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College of Food, Agricultural, and Environmental Sciences


Smart Stuff with Twig Walkingstick: The Quills of Prickly Porky (for the Week of July 12, 2009)

July 12, 2009

Q. Dear Twig: Why don't porcupines stick to things? All those pointy quills and all ...


A. First, the quills ("kwills") on a porcupine mostly point backward. So when a porcupine climbs up a tree, for example, its quills don't aim forward and poke into things by mistake. Like branches, tree trunks or the back ends of bears.

Second, besides pointing backward, the quills also usually lie flat, near the body. This cuts down on the chance of accidents too.

The quills do stick up when a porky feels threatened. Maybe a wolf or a dog tries to bother it. The stuck-up, stuck-out quills serve as protection. Special muscles around each quill pull tight and make the quill stand up.

Third, if the stuck-up, stuck-out quills do get stuck into something, like the nose of a dog or the snout of a wolf, they dislodge — come loose — from the porky very easily. This lets the porcupine get away — not stay stuck — while the predator deals with a snootful of quills.



P.S. Porcupines can't throw their quills. Nor shoot them. And the quills aren't poisonous.



The quills of the North American porcupine are barbed, hollow, modified hairs. A porcupine has about 30,000 of them.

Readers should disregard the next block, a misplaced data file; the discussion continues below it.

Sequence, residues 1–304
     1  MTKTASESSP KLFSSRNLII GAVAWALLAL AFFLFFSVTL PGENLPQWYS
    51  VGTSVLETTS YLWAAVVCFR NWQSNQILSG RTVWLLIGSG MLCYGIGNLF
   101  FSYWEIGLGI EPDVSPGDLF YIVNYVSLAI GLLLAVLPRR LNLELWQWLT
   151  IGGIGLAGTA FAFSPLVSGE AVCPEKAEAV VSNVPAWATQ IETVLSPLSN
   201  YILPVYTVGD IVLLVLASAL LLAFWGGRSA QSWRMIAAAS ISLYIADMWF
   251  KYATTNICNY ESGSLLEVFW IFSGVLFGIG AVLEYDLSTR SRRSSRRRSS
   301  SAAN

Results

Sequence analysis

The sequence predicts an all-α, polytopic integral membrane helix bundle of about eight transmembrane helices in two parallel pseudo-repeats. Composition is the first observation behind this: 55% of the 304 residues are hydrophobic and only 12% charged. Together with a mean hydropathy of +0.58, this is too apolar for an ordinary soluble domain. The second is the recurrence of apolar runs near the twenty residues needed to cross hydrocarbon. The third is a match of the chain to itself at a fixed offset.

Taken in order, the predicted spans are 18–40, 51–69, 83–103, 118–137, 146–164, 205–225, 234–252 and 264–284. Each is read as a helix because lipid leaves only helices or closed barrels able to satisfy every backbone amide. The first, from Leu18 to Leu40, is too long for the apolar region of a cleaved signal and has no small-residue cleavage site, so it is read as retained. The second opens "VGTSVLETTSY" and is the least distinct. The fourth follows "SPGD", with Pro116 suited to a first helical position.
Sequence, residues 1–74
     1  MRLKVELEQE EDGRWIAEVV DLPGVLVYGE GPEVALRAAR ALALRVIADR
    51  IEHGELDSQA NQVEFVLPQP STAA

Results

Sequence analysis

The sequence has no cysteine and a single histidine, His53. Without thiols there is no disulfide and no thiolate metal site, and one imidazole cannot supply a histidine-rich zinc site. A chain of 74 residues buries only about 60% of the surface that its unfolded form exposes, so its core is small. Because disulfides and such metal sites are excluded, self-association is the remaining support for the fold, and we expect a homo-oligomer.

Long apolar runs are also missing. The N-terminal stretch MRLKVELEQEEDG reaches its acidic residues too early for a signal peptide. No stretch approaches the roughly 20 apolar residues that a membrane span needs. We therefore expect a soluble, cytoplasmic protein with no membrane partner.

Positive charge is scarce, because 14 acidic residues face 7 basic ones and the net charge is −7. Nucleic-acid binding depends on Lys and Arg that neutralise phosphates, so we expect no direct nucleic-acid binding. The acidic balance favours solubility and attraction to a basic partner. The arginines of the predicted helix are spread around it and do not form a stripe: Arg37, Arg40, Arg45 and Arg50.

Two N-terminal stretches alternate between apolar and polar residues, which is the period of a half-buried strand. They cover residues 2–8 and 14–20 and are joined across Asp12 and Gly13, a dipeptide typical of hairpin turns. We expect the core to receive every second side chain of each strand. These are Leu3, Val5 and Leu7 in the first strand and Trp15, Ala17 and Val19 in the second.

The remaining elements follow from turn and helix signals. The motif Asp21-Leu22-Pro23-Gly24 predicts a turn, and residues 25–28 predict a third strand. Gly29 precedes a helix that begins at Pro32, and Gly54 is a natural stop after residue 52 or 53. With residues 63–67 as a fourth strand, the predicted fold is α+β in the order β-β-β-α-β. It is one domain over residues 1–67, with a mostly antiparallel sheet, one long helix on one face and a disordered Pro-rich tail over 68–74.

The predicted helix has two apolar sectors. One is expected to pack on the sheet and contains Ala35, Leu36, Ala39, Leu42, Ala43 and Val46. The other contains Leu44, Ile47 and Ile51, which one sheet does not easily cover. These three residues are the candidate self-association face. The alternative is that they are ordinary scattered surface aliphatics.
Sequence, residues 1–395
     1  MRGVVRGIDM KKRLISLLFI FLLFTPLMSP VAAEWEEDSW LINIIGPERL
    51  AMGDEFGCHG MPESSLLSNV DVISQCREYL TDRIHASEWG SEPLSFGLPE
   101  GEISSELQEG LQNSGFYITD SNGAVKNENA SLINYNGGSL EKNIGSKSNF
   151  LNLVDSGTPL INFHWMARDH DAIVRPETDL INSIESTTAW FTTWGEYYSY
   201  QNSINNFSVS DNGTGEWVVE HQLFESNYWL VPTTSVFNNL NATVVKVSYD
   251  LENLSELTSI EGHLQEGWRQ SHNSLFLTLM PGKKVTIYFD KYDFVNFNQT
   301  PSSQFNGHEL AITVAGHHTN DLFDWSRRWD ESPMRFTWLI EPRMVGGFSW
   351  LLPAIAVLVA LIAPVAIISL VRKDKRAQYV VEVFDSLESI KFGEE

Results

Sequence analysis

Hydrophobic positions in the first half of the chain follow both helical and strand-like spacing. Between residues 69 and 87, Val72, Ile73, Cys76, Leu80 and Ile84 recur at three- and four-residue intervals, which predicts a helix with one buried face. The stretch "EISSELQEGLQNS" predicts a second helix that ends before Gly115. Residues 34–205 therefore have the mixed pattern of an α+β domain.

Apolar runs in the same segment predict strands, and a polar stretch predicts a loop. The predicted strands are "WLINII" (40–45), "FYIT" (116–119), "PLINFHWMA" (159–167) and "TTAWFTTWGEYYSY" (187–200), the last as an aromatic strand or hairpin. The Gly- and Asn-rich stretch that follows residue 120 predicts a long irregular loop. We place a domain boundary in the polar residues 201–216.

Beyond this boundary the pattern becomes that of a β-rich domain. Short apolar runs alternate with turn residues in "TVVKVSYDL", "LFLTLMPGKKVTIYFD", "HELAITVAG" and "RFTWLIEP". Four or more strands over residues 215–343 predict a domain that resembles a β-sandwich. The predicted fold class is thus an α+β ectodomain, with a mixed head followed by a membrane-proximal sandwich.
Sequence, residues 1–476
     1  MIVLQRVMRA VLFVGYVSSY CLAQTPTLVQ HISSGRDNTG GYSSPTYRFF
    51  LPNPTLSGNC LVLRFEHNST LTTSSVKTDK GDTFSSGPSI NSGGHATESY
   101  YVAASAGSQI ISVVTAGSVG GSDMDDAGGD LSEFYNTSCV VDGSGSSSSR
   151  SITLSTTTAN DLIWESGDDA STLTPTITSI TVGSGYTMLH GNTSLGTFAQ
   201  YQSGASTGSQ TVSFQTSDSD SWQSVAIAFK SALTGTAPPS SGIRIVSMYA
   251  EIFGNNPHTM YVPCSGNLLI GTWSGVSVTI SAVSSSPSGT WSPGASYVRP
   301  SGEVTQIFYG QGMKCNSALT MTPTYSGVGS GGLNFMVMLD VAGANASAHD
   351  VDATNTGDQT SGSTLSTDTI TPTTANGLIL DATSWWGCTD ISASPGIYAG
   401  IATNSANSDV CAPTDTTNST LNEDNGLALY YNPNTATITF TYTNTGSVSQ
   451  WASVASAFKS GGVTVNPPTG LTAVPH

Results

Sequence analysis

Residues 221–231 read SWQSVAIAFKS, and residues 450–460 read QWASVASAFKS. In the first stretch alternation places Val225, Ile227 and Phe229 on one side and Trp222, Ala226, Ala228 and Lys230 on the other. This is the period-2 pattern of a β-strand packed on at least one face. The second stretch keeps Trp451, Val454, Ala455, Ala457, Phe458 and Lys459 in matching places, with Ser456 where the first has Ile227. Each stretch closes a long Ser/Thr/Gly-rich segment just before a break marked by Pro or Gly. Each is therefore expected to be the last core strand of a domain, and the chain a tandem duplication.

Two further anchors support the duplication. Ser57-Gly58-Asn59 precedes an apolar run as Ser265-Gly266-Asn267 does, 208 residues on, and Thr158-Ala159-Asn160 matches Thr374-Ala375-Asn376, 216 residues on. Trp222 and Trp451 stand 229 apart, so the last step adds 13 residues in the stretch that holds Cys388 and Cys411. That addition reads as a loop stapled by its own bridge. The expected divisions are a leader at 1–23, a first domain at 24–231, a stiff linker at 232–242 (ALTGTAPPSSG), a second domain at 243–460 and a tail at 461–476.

Scientists call the muscles that make quills stand up "piloerectors," while a special quill-holding skin part called the "spool" lets stuck-up, poked-into-something quills pull loose much more easily than relaxed ones do.

Sources included "A Facilitated Release Mechanism for Quills of the North American Porcupine" by Uldis Roze, Queens College, New York, in Journal of Mammalogy, 2002; and "Smart Weapons" by Roze in Natural History, 2006.

Twig has been vacationing in a place where porcupines live but hasn't, unfortunately, run into any. This column first ran Feb. 15, 2007.


About This:

"Smart Stuff with Twig Walkingstick" is a weekly feature for children (ages 9+; 4th grade reading level) about science, nature, farming and the environment. Online at

Brought to you by your scientific friends at The Ohio State University — specifically, at the Ohio Agricultural Research and Development Center (OARDC) ( and with Ohio State University Extension ( OARDC and OSU Extension are the research and outreach arms, respectively, of Ohio State's College of Food, Agricultural, and Environmental Sciences.

Written by Kurt Knebusch of OARDC and OSU Extension. For details, to ask Twig a question, and/or to receive the column free by mail or e-mail, contact Kurt at CommTech, 1680 Madison Ave., Wooster, OH 44691;; (330) 263-3776.

Kurt Knebusch